New York - Nearly a year after advocacy groups sought documents to clarify the Department of Homeland Security's "Secure Communities" programme, the government has largely failed to satisfy the requests for information, a federal judge has ruled.
"I think the government is dragging its feet," Judge Shira A. Scheindlin declared last week.
As the government has delayed, the programme has dramatically expanded, prompting growing controversy about the secrecy and mixed signals sent by Immigration and Customs Enforcement (ICE) and chain of command with the Department of Homeland Security (DHS), of which ICE is part.
The principal issue is whether local law enforcement can opt out of the programme. ICE and other DHS officials have alternated between "yes" and "no", sowing confusion among some police departments, and entire states and counties.
To find an answer, the National Day Laborer Organizing Network (NDLON), represented by the Center for Constitutional Rights and the Kathryn O. Greenberg Immigration Justice Clinic of Cardozo Law school, filed a freedom of information act request for files relating to the rapidly expanding deportation programme that culls fingerprints from local law enforcement databases.
After the agency refused to hand over the documents, the groups took ICE to court.
Sunita Patel, a staff attorney with the Center for Constitutional Rights, told IPS, "As advocates across the country are pushing on the state and local levels to find a way to opt out of Secure Communities, we are going to court to obtain information that the public and advocates need to determine how and if it's possible to opt out. Only the government has the information everyone needs."
Judge Scheindlin set Jan. 17, 2011 as the new date for ICE to release the documents or explain why they must be withheld. She also set Feb. 25 as the deadline for ICE to release a second set of documents related to other topics in the records request.
The judge noted several times that if the defendants fail to produce documents in the two upcoming hearings they will face possible contempt sanctions.
Secure Communities is a programme that allows state and local police to check the fingerprints of an individual they are booking into a jail against DHS immigration databases.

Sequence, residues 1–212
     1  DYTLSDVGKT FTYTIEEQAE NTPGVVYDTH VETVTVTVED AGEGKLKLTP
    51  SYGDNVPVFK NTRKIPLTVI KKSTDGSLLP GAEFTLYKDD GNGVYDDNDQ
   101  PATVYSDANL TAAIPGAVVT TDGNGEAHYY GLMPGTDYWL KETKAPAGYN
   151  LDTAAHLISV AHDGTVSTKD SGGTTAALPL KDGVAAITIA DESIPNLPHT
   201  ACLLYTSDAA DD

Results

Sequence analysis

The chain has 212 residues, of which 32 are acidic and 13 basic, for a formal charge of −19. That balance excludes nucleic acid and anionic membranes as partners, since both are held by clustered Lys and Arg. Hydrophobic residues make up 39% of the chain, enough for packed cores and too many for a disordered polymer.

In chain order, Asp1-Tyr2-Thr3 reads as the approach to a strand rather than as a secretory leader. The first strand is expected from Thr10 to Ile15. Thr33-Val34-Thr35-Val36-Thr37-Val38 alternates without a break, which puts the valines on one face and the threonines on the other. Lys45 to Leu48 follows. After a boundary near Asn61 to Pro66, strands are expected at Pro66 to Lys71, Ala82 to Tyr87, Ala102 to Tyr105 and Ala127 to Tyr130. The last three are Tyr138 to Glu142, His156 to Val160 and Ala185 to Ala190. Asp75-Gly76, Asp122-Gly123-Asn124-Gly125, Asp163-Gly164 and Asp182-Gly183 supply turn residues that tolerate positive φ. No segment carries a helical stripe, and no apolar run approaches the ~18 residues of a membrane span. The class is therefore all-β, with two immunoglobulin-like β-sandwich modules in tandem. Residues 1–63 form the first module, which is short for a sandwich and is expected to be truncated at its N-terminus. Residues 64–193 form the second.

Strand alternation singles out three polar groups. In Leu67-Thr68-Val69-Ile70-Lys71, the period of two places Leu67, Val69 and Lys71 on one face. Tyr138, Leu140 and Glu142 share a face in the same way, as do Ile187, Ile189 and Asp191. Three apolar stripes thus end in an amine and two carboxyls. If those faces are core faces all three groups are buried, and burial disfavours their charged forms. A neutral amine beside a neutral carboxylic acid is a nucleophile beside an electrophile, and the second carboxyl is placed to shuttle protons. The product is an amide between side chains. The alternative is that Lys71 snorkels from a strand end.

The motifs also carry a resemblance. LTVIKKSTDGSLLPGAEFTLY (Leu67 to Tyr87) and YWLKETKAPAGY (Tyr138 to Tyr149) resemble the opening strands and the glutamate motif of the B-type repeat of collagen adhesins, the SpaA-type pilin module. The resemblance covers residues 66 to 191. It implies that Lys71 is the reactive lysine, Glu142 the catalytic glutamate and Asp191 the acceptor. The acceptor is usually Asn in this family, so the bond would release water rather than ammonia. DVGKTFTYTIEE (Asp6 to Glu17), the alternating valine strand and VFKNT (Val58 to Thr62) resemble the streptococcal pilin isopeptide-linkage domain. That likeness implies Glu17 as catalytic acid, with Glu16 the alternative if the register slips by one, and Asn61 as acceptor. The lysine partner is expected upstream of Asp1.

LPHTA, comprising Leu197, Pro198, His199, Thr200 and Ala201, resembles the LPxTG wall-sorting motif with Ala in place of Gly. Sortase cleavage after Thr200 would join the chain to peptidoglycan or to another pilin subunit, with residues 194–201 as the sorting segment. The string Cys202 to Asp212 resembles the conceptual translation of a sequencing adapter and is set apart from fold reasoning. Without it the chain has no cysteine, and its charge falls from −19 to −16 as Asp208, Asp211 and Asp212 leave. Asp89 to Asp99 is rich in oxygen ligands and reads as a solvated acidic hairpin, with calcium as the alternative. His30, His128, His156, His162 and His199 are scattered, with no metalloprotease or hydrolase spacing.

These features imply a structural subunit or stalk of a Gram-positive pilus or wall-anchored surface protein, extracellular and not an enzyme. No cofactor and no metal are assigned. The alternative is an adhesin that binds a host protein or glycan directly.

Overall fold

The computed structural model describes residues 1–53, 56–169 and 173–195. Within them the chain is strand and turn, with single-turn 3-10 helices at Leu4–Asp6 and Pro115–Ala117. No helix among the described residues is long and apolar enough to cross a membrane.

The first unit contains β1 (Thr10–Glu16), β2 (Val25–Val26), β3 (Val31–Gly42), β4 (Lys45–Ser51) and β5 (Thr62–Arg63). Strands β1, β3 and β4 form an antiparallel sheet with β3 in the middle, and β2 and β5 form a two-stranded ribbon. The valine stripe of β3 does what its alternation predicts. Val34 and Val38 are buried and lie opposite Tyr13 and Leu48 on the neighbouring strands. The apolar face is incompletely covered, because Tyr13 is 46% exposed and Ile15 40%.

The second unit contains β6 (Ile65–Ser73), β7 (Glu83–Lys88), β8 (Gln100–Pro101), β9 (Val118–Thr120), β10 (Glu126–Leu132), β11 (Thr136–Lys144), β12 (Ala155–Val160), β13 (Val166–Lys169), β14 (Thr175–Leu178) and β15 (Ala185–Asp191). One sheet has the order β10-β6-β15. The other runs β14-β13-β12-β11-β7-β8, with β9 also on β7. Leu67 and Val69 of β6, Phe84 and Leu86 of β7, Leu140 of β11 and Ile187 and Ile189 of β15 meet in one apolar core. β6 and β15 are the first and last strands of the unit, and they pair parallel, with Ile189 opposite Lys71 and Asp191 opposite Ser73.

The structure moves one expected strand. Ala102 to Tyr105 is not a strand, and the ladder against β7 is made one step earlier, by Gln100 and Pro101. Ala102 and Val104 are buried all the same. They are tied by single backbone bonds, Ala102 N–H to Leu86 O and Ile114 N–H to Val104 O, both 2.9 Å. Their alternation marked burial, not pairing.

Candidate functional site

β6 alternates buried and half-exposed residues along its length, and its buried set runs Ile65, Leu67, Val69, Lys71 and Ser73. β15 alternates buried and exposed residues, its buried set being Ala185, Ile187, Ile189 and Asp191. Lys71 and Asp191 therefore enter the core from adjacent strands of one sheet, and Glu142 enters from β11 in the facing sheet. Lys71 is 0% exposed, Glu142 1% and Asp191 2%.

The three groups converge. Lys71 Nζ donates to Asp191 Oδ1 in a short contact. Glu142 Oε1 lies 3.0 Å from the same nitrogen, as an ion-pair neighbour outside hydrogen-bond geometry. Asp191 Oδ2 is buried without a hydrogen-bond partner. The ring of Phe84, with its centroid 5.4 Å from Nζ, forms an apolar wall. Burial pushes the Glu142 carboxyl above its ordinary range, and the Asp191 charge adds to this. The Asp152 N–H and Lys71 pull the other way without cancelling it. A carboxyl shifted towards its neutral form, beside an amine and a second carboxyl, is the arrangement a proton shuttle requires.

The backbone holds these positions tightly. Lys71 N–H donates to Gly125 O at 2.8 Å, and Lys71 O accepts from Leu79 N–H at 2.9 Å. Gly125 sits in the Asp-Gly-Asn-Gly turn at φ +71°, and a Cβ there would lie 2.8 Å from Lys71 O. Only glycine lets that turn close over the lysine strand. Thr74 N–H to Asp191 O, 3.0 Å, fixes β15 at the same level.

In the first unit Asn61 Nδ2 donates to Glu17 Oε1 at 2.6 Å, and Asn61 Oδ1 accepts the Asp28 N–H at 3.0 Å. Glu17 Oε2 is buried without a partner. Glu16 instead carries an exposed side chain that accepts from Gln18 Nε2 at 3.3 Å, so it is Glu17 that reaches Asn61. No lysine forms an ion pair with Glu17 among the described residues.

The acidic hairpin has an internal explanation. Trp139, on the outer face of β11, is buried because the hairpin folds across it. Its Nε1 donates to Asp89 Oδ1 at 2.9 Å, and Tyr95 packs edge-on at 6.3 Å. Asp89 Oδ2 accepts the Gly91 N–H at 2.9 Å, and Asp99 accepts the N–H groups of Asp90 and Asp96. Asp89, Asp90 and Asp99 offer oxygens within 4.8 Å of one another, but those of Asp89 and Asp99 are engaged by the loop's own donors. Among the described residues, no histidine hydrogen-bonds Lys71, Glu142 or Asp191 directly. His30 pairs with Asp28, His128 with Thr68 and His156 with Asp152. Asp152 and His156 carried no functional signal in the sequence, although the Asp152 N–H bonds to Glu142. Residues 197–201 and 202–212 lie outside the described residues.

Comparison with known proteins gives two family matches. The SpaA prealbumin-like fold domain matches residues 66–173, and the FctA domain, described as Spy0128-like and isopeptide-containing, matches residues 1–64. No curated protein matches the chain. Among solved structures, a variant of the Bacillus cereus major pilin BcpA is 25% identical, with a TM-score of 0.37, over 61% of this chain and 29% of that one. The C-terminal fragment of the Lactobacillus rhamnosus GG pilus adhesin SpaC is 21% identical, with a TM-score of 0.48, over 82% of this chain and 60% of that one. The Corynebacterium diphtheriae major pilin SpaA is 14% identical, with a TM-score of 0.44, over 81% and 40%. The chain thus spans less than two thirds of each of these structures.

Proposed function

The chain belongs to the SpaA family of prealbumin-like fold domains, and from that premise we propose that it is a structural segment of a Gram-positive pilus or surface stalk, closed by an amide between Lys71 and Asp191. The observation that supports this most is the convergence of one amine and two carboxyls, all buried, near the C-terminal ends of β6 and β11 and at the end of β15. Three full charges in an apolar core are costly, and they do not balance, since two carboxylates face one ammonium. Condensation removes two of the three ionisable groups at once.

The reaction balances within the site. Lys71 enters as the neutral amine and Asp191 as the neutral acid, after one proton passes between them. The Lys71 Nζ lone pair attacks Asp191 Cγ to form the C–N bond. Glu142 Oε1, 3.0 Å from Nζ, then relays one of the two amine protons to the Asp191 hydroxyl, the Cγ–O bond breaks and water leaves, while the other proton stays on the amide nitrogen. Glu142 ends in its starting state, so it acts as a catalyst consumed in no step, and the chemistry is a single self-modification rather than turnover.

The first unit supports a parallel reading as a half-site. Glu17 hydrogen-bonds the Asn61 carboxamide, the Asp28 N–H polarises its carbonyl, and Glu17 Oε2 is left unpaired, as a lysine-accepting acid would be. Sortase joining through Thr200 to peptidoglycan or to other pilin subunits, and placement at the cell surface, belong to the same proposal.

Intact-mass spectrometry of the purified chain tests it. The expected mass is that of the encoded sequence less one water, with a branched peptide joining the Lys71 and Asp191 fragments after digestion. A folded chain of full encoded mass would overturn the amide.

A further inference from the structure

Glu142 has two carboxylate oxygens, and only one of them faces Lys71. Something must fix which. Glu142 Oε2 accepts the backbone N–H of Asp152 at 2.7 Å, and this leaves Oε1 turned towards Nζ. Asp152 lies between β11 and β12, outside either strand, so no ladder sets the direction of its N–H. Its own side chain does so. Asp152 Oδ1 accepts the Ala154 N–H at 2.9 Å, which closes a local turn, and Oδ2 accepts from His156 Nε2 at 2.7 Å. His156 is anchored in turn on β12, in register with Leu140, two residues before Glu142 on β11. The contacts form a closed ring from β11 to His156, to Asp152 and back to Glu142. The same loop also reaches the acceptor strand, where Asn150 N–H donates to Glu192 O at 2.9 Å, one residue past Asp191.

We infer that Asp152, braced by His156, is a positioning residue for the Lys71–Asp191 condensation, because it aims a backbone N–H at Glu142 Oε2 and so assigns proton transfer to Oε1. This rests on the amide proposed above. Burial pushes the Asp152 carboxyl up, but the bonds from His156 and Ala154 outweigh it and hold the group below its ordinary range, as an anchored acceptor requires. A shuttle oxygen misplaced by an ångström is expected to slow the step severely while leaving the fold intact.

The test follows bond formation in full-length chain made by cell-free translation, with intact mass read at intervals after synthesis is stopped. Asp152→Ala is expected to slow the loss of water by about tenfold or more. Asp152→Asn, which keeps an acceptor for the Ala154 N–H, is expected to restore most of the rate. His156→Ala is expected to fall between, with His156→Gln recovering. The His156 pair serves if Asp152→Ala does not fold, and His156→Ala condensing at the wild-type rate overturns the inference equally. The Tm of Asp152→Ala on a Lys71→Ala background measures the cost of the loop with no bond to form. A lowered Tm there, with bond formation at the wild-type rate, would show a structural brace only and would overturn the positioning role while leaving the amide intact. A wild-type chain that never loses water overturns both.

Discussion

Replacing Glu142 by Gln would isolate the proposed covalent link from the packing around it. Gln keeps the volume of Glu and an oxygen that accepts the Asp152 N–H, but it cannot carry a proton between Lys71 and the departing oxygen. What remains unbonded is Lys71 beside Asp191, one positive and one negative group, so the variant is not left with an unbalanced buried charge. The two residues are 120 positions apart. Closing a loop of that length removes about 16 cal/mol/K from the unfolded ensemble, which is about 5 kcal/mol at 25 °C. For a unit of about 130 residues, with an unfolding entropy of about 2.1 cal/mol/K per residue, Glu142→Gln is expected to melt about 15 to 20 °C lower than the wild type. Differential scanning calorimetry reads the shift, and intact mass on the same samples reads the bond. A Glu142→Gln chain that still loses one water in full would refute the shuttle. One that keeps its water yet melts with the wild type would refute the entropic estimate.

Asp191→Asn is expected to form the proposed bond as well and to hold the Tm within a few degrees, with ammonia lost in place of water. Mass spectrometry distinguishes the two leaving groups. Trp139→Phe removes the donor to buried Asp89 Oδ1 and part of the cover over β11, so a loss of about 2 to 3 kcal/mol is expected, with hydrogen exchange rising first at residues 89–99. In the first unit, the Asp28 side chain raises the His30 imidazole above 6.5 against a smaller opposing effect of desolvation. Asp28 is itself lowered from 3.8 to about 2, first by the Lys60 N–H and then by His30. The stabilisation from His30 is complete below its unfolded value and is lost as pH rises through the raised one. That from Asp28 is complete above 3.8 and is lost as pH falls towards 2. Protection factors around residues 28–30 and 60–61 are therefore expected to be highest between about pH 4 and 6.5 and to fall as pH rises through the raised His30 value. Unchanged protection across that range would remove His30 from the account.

If there is a "hit", ICE is automatically notified, even if the person has not been convicted of any criminal act.
Advocates and community leaders across the country have called this programme "dangerous" and say it strains local law enforcement and resources while damaging already the already tenuous relationship between immigrant communities and the police.
"To keep our families together, we need to keep police and ICE separate. The Orwellian-named Secure Communities programme does the opposite of making us safer," said Sarahí Uribe of NDLON. "We see innocent people swept up in a massive dragnet sending a chilling effect through migrant communities."
Municipalities such as San Francisco and Santa Clara in California and Arlington, Virginia have voted to opt out and numerous others localities are deliberating their participation.
Advocacy groups say immigration authorities in charge of the programme have been "inconsistent and dishonest in representing the relationship between local governments and the federal programme".
In an email to New York Governor David Patterson, the agency said "[W]e get it. No one will be forced." In a press conference two months later, ICE said, "[The agency] does not see this as an opt-in opt-out programme."
Secure Communities is one of several ICE programmes that rely on continuing cooperation from local law enforcement authorities. In the 287(g) programme, for example, local police and sheriffs have been recruited to help federal immigration authorities by arresting and detaining persons suspected of having committed immigration crimes.
While many local law enforcement authorities have become part of the programme, many others have refused to participate.
They say Secure Communities can lead to racial profiling. They also contend that enforcing federal immigration law is the job of the federal government; that local peace officers don't have the training and experience to enforce complex immigration law; and that existing police manpower is needed for community policing.
In addition, it has been revealed that many of those who have been deported by the Barack Obama administration have committed only minor infractions such as broken taillights and driving without a license. ICE's programmes are supposedly geared toward deporting dangerous criminal aliens.
With 13 states yet to join the programme, New York and numerous other activated jurisdictions still trying to opt out, and with its current spokespeople unwilling to set the record straight, advocates are asking a judge to counteract the misinformation by opening the files related to the "opt- out" policies immediately.
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